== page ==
Gates and Reeds

OK, there’s not much in common between those two words (the letter E, yes, and four other letters each), though it would be a good poets’ competition to find something that linked them. Poets are good at linking one improbable thing with another – one poet with another, for example.

 

Here’s two poems I’ve written recently and I thought I’d share them together even though they don’t have a lot in common (my conscious mind says).

 

THE GATE

 

Mordor

Pearly gates

The high walls steady.
They are topped with clawing black wire.
Around me the ground is featureless
But the dark gate is wide open.
An empty watchtower stares down dully.
That is all except for a dim light inside.

But here comes one who has gone to the entrance
And stopped at a line on the surface, hearing music
And reports that from there the watchtower changes,
A fountain of colour and shapes, red-jewelled, craft-gilded, live.

I stand looking up at the old brutality
Of the bare, angular tower.

I have seen it before, that gate.
It was on the shore as the salt tide came slithering in
It clanged open the moment I fell asleep
And grunted on runners as I, puzzled, woke again.
I saw it where the stream ran from the rocks.
I have thought I’ve seen it in eyes.

Nothing is what it seems to me
But then, neither am I.
If the gate was of gold and silver, of agate, would I go?
The gate stands open.

 

Illustrating poems does risk stressing one interpretation above another, so please consider the words before the pictures.

 

And then, in a different mood:

 

REEDBED

Reedbed

As I lay sick I had a vision of a reedbed
Waving gently in the wind, naked of birdsong now
Only a few sharp calls.
A great heron lumbered into the air
From the edge of the water I could not see, but cherished.

 

By the way – I was sick for a couple of days, now well recovering. Ear infection threw my sense of balance into chaos – frightening till it was diagnosed and extremely limiting and exhausting for another day and a bit. No big deal now, but I thought I’d better explain “as I lay sick” was not complete invention and should not be a cause for worry.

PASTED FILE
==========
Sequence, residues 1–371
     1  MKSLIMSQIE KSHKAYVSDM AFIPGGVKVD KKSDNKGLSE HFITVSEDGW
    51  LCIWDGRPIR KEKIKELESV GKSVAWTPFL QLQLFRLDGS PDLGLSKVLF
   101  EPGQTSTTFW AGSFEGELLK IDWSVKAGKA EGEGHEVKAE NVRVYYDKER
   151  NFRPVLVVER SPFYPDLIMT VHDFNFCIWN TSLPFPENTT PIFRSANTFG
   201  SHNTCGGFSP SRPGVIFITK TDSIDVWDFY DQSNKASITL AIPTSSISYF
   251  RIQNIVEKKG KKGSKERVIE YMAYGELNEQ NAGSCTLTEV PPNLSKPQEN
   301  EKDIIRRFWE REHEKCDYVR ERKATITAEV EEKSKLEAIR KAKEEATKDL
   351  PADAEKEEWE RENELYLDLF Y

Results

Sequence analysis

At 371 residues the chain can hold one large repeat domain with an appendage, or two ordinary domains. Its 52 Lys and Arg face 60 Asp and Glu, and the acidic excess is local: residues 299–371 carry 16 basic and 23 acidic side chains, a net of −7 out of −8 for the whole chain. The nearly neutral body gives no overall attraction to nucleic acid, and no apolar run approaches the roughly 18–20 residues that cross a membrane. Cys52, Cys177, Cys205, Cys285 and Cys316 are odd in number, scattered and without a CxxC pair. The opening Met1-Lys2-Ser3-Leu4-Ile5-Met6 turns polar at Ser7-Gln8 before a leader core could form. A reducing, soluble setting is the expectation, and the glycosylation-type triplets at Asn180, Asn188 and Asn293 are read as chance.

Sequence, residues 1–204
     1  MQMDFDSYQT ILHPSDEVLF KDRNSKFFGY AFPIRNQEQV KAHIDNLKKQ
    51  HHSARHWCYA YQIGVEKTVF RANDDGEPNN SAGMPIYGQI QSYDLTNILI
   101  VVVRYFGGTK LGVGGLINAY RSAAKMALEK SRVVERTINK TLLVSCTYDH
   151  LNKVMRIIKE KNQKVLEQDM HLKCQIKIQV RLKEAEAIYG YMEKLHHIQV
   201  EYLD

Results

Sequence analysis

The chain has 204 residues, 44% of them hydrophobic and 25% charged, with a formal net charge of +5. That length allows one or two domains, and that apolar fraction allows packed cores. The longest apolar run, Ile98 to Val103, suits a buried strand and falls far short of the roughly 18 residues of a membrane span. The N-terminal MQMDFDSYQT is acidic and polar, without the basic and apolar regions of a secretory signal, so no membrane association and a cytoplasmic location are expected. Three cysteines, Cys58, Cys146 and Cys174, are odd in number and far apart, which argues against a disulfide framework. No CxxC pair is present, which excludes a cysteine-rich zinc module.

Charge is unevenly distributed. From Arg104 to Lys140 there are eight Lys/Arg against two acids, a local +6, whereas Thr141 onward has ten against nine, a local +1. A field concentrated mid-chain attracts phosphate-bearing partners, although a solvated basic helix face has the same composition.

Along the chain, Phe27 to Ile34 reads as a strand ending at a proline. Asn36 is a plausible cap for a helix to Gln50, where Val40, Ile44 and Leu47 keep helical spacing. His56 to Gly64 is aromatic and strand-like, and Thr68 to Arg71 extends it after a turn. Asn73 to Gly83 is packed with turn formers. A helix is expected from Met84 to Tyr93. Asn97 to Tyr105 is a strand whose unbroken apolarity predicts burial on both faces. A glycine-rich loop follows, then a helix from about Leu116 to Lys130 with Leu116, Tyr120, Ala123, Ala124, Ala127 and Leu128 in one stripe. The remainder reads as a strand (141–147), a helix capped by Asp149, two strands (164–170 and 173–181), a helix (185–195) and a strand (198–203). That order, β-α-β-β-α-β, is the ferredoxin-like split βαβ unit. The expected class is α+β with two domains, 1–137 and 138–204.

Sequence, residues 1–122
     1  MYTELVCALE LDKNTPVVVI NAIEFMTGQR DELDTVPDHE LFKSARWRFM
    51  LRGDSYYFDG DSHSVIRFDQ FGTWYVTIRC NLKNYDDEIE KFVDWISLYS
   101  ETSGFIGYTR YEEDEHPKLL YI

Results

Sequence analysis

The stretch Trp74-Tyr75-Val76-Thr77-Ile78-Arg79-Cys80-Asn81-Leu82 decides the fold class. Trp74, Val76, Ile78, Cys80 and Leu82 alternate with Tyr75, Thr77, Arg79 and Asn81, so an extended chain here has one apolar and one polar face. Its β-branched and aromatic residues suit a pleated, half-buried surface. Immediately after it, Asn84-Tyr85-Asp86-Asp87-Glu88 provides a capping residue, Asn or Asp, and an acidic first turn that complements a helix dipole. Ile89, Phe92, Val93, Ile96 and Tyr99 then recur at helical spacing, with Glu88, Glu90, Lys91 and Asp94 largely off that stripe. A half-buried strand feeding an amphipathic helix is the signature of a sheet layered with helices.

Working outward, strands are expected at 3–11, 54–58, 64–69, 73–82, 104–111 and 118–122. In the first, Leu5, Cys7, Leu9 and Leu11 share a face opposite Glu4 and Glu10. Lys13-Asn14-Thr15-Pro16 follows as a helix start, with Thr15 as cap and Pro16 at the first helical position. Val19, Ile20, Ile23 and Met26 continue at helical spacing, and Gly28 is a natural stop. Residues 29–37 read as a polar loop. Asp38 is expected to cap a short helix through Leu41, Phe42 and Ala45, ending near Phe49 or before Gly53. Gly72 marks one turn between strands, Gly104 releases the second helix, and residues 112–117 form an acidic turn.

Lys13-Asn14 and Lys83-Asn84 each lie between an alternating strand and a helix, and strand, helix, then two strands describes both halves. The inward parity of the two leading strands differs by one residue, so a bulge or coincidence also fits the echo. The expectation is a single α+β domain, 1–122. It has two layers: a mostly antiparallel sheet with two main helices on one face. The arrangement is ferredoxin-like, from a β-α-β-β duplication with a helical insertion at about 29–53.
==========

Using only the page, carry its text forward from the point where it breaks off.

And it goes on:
I expect I’ll post again before Christmas, but if not, Happy Christmas!

 

November Town

Image

NOVEMBER, TOWN

All grey, the autumn sky over

Yellowing-green leaves on branches

Stripping slowly. Starlings whirl

And settle, chattering. Dusk waits.

Silence in the street. The light

Seeps out.

Now there’s a nice short poem. OK, kids – now the first question. When do you think this poem was written – what time of year? WELL DONE! Now any idea what part of the world?

OK, just like the poem, or not.

Over Rannoch Moor

Image

Rannoch Moor in the Western Highlands of Scotland is a wild and bleak place, bleakly beautiful on a day like this above, but a killer in bad weather.

But is this just about the Moor?

OVER RANNOCH MOOR

I wandered over Rannoch Moor in my mind

By an old track where dragonflies veered and hovered

Round the boggy margins of a lochan

Past the last stones of a long-fallen shieling

And there was nothing to do, nothing to fear

The wide and shifting sky was blue and grey

Only a single unseen skylark singing.

Lochan: a small loch or lake.

Shieling: a summer shelter for herdsmen and maybe animals; a small farm building in upland Scotland and Northern England.

I hope most of you had a happy Christmas

Image

I’m not particularly joining in the Bah Humbug message (my search for Christmas Gloom images did not turn up a wide selection), though visiting the supermarket today to find tinny music blaring out a message of Christmas good cheer equates taking advantage of all those special offers did make me a bit humbuggish. I suppose the abstract noun is humbuggery.

What I wanted to point out, being rather honest and world-battered, is that a wish that everyone in a group of ten or more has a happy Christmas is unrealistic and I’ve always believed in making wishes and objectives practical if only just. So I recommend, to a group of ten people, “I hope nine of you have a happy Christmas.”